- Video report by ITV Science Editor Tom Clarke
Up to a million species of plants and animals are at risk of extinction, a greater number than ever before in human history.
That’s according to a major new UN study, which warns wildlife and habitats are declining at an “unprecedented” rate worldwide that directly threatens human beings.
Hundreds of scientists warn the natural world is deteriorating faster than ever as a direct result of human activity, eroding “the very foundations” of economies, livelihoods, food, health and quality of life worldwide.
A huge transformation is needed across the economy and society to protect and restore nature.
Without such “transformational change”, the damage will continue or worsen up to 2050 and beyond, posing a direct threat to human well-being around the world, the study said.
It will also undermine existing global efforts to tackle poverty and hunger, improve health and curb climate change.
What are the key points from the report?
- Habitats, wild animals and plants and even domesticated breeds are in decline or vanishing as a direct result of human activity, and the rate at which species are becoming extinct is accelerating.
- The biggest cause of wildlife losses is change to the way land or marine environments are used, followed by direct exploitation of animals and plants, climate change, pollution and invasive species.
- Three quarters of the world’s land has been “significantly altered” by human activity, with forests cut down and grassland ploughed up for crops or livestock and the spread of cities, industry and infrastructure such as roads.
- Rising global temperatures are already having an impact on nature and the effects would increase in the coming decades.
- Plastic pollution has increased 10-fold in the seas since 1980, harming turtles, seabirds and mammals.
- Fertiliser run-off has caused “dead zones” in the oceans, land is becoming less productive, and the loss of pollinators puts crops at risk.
Leading British scientist and chairman of the IntergovernmentalScience-Policy Platform on Biodiversity and Ecosystem Services, Sir Robert Watson, said: “The health of ecosystems on which we and all other species depend is deteriorating more rapidly than ever.
“We are eroding the very foundations of our economies, livelihoods, food security, health and quality of life worldwide.”
What needs to be done?
The assessment outlines a series of scenarios for the future, and found that major changes are needed to protect nature and benefit people.
These include a shift away from concentrating on economic growth, bringing in wildlife-friendly farming, restoring habitats such as native forests, cutting food waste, creating marine protected areas and effective quotas for fishing, reducing pollution and creating more green space in cities.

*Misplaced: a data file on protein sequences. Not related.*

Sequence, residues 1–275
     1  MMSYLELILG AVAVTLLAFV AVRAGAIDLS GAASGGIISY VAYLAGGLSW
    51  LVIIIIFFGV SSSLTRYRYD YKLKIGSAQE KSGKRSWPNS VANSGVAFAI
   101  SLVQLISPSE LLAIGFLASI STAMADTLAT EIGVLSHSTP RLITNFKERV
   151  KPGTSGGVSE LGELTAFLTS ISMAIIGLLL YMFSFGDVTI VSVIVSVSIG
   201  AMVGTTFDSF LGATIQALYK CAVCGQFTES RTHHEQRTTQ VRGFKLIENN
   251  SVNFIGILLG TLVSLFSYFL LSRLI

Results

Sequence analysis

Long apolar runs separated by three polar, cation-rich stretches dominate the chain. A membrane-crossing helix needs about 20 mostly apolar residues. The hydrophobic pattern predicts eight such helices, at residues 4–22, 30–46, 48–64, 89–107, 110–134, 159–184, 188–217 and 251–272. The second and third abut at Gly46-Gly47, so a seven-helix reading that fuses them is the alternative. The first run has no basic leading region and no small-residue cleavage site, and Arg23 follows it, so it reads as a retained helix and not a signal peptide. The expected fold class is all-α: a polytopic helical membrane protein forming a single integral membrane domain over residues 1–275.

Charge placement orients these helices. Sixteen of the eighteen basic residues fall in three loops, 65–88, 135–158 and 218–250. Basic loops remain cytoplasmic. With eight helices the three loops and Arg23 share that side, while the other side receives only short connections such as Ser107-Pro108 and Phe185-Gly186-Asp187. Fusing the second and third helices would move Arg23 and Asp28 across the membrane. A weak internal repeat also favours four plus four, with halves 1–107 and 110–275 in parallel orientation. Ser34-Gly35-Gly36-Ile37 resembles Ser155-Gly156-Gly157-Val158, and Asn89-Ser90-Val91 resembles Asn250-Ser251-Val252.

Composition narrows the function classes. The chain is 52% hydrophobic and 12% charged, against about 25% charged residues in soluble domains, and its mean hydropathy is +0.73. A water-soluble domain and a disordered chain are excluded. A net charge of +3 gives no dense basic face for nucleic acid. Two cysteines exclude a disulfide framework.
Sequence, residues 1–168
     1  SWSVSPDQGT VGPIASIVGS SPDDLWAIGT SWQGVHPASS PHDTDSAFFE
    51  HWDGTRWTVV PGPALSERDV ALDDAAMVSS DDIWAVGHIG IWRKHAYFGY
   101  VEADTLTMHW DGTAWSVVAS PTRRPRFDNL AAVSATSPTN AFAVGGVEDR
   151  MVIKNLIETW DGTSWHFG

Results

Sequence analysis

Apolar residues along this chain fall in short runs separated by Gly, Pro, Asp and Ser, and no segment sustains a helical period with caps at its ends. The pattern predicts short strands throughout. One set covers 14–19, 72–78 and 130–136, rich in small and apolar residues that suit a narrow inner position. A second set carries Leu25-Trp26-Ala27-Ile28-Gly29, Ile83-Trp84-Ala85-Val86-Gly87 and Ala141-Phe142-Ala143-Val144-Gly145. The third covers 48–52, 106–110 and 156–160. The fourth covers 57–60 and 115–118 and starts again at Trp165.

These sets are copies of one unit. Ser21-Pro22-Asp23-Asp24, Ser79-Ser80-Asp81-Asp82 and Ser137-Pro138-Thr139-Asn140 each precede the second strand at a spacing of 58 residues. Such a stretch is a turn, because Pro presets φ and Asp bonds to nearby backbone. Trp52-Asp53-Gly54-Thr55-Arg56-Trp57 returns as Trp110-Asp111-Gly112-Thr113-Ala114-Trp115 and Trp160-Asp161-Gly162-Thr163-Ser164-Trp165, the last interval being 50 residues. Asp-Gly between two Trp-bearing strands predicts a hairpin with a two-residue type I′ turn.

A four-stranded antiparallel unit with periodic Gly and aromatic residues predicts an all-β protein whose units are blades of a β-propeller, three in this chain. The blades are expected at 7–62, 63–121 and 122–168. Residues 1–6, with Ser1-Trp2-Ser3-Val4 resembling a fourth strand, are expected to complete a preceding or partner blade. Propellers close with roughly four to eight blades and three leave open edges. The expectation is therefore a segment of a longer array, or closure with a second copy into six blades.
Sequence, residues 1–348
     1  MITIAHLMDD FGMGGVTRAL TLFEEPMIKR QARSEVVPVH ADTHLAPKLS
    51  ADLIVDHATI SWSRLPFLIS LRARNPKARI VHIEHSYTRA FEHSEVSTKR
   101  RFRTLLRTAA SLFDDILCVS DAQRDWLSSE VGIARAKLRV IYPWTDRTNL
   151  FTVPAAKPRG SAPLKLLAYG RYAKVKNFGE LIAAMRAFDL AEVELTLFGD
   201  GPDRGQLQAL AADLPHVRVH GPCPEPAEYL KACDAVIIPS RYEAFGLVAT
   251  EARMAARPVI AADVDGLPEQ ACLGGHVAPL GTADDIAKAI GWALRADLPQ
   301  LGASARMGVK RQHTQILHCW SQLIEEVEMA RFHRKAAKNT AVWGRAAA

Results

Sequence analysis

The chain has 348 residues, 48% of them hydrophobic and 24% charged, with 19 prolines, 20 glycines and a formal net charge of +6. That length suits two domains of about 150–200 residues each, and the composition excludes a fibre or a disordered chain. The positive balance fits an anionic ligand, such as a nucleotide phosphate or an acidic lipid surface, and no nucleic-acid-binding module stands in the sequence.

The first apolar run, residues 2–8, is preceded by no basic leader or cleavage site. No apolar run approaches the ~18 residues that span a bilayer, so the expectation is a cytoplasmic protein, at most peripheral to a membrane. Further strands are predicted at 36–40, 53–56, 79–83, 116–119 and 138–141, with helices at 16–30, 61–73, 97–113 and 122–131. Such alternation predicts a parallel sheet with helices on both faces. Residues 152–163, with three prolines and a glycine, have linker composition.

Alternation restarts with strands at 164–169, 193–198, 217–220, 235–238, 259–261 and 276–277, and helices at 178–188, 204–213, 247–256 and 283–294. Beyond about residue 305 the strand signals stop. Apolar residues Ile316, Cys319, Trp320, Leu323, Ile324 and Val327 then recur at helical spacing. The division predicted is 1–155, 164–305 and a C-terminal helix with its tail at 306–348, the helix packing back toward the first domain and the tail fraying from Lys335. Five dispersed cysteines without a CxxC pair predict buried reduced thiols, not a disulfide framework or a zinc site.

It is hoped the evidence in the report will help form policies and action and provide the basis for new global targets to protect nature that will be negotiated at a UN meeting in China in 2020.
Responding to the report, Greenpeace UK’s executive director, John Sauven, outlined changes the world needs to make.
He called for the UK Government to restore peatlands, plant millions of trees, provide ocean sanctuaries around the coasts and support a shift from meat and dairy to “healthy, plant-based meals”.
He also urged an end to cutting down forests for palm oil and soy production a swell as the exploitation of oceans.
What are protesters demanding?
The global assessment comes in the wake of widespread protests on the streets of London and other UK cities over the twin crises of environmental damage and climate change.
Lorna Greenwood, spokeswoman for Extinction Rebellion which led the protests, said: “The natural world is collapsing because of how we live and we will go with it unless we act now.
“Not only are we destroying nature but we’re worsening our own health and making it harder for us to feed ourselves.
“It’s time to rethink how we grow food, travel and look after the countryside.
“It may mean hard choices but the rewards are enormous. Within our lifetime we could see nature restored and our children’s future secured.”
She said protesters had no choice “but to rebel until our world is healed”, but said the shift in public attitudes in the last fortnight meant it was becoming politically realistic to rethink how to produce food and look after nature.
Abi Bunker, director of conservation at the Woodland Trust, said it was essential to address the climate and natural environment crises together.
She said natural systems on which people depended in the UK were under pressure from habitat and wildlife loss, use of pesticides, pollution, overgrazing, invasive species and pests and diseases, and climate change.
More native trees and expanded woodland cover were a “huge part of the solution” to tackle damage to the natural environment, absorb carbon emissions and help cope with the impacts of climate change, such as flooding.
“To make an impact, new woodland creation, using natural regeneration wherever possible, will need to happen on a faster and far greater scale than ever before and be sustained over several decades,” she urged.